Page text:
BUSUANGA, PALAWAN – Last 6 December 2013 at 8:30 AM, the C3 Busuanga Field Office received a call from the Barangay Fisheries and Aquatic Resources Management Council (BFARMC) Chairman of Brgy. Cheey. The BFARMC Chairman, Clemente Abaño, reported a dugong death in their local community due to entanglement in the ropes of a seaweed farm.
Two young men, Samson Ayso and Edwin Gadiano, Jr., had gone out fishing earlier that day and at 7:00 AM had passed by the plantation located just in front of the coastline of Sitio Minit, Brgy. Cheey. As they passed by the seaweed plantation, they saw that a dugong had been entangled in one of the lines. They reported the incident to Mr. Abaño, who then called up the C3 Philippines Field Office.
C3 Programme Officer Danica Lopez and Programme Assistant Archie Espinosa quickly mobilized in order to get to Brgy. Cheey to secure data and to ensure that the community would not eat the dugong’s meat. The team arrived in Brgy. Cheey at 11:20 AM and met with Mr. Abaño and Brgy. Capt. Montañez about the incident. At this point, the dugong had not yet been disentangled from the ropes, and so the team together with Mr. Abaño, the owner of the seaweed farm and other volunteers went to disentangle the dugong and bring it to shore.
As the 2.6m long animal was brought to shore, the team recorded relevant scientific data and noted that the dugong would have to be buried properly so as to avoid the temptation of locals eating the meat, a crime which is punishable under Philippine law under Republic Act No. 9147 otherwise known as the Wildlife Resources Conservation and Protection Act, with the penalties of a PhP 100,000.00 to PhP 1,000,000.00 fine and 6-12 years in jail. A spot was then identified which would easily be patrolled and seen regularly by concerned members of the community.
The team was also able to speak with the seaweed farmer. He told us that his seaweed farm had been in the same location for three years. It had been recently destroyed by Typhoon Yolanda, but the Municipal Agriculture Office (MAO) of Busuanga had provided new ropes and seedlings to re-start his farm. The new site is a common sighting area for dugongs, as reported in previous Key Informant Interviews conducted by C3 Philippines and as reported by local fishermen through the Dugong-Fisher Monitoring System.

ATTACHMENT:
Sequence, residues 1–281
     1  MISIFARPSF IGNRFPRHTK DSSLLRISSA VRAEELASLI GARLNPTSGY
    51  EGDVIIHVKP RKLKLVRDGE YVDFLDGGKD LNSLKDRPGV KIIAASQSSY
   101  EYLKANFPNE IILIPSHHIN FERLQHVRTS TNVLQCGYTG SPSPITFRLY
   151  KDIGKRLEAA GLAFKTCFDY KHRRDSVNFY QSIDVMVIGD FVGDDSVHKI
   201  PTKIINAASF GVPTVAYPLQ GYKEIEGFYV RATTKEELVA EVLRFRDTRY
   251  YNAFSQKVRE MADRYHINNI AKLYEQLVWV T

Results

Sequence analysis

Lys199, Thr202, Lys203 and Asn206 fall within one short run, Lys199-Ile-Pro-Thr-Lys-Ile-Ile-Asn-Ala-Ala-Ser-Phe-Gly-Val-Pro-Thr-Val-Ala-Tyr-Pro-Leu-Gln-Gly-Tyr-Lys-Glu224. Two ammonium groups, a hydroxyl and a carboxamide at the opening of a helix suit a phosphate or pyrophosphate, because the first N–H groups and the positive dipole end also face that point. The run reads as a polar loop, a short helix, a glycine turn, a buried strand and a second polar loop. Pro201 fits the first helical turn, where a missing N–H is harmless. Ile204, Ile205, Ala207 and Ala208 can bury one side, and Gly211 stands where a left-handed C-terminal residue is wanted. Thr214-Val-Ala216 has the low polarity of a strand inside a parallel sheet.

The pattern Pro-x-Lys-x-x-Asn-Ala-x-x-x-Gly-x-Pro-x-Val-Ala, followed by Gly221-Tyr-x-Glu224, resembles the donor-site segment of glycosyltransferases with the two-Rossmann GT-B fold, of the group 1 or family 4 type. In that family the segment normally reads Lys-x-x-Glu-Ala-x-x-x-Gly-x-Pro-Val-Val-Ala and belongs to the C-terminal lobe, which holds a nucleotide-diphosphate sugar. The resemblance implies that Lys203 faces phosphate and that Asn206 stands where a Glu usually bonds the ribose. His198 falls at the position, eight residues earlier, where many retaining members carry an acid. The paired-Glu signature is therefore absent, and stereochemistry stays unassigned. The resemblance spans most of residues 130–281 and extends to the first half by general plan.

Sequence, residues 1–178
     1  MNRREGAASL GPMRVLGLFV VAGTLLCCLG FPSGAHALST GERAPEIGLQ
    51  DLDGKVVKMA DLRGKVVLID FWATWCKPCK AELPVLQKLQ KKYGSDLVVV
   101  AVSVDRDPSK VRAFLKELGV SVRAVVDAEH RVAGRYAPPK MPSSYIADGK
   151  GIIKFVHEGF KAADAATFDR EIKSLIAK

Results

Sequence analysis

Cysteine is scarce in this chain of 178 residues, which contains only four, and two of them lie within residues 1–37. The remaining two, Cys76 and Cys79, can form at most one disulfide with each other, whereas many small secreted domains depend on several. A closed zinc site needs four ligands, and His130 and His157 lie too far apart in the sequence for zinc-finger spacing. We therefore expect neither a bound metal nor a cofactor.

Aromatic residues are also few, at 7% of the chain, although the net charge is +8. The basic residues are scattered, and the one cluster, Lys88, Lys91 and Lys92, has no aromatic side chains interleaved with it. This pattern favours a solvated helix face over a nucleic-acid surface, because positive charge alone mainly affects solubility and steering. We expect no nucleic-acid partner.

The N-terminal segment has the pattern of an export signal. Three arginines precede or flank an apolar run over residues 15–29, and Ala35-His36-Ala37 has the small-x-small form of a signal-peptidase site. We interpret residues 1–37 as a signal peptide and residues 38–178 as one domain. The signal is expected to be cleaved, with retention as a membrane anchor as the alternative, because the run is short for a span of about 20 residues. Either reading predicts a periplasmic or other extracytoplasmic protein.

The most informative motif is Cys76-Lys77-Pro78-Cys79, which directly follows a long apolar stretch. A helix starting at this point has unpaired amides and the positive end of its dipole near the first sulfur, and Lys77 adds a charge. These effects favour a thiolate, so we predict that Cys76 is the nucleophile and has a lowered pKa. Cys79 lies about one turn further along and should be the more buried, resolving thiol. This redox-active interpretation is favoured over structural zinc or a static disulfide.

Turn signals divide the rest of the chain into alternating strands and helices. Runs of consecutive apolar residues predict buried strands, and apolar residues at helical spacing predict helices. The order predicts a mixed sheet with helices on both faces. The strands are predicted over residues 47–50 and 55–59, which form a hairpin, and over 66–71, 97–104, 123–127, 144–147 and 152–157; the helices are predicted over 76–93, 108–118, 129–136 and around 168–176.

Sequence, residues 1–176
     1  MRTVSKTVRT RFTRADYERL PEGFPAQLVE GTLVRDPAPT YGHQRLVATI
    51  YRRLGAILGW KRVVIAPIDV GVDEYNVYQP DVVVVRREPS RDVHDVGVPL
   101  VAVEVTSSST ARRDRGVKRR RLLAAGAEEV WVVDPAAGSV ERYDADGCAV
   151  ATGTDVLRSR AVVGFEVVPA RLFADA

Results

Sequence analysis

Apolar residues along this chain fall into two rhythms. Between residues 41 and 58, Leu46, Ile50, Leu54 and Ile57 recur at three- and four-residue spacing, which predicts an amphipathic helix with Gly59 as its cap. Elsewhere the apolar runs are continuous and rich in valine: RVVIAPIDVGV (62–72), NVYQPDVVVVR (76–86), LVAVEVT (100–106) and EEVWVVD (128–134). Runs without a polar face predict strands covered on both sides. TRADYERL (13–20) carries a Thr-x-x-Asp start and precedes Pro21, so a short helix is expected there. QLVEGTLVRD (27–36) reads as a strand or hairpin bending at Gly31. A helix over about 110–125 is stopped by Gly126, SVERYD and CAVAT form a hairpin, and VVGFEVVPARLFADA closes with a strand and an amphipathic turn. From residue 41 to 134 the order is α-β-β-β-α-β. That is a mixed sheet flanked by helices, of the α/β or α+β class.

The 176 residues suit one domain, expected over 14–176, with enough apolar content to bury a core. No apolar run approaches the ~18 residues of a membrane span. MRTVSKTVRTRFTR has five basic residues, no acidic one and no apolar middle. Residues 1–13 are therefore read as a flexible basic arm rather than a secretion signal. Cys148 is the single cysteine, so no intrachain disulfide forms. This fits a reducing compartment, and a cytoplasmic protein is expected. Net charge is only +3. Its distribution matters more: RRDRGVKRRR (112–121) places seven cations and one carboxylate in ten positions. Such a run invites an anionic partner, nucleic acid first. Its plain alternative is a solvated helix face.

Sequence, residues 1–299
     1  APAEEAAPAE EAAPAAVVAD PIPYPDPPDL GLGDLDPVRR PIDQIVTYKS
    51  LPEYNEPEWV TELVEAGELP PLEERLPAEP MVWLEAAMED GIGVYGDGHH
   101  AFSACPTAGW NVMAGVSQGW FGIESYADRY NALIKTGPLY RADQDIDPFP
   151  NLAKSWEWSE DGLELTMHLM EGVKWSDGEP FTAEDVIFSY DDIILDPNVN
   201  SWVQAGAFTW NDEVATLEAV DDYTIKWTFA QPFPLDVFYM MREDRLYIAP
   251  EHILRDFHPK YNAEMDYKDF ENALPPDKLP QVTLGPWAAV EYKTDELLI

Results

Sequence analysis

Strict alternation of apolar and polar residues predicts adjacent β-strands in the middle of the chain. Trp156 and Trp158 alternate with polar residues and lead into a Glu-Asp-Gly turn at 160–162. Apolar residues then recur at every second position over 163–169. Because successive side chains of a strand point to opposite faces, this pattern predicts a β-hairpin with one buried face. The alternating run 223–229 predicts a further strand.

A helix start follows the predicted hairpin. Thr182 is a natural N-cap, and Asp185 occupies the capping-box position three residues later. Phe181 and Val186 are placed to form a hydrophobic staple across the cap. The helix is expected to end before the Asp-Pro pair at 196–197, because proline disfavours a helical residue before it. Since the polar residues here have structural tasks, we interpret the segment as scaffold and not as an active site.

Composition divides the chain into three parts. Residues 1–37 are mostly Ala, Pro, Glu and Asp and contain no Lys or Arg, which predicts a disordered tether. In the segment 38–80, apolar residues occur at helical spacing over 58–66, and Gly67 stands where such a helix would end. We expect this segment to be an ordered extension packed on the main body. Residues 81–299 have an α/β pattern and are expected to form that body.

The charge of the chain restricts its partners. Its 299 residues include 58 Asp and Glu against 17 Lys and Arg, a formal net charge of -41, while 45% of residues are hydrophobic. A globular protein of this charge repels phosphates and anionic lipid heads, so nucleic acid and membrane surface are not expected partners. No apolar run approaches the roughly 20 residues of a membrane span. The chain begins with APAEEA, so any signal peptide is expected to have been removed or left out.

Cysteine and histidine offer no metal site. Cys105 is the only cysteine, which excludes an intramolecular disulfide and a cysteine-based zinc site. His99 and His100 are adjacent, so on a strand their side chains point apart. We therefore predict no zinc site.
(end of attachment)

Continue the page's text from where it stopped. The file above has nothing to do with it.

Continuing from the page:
This is also reportedly the 2nd dugong mortality this year caused by entanglement in a seaweed farm. Mr. Dirk Fahrenbach of Dugong Dive Center, Club Paradise reports another such incident earlier this year, along the same northern coastline of Busuanga Island, but in municipal waters which are of the jurisdiction of Coron Municipality.
This only goes to show the need for closer coordination with the local government units, especially the MAO in planning activities such as water zoning, and in the general coordination of all marine-related activities.
On the bright side, however, this incident is also proof that C3 Philippines’ network of fishermen is active. The Dugong Monitoring System has helped set up the beginnings of response network, where target local communities are aware of C3 as the forefront for all dugong-related incidences.
Thanks to Ocean Park Conservation Foundation, Hong Kong, for supporting our dugong research on Busuanga. opcf.org.hk/en/current-projects.php
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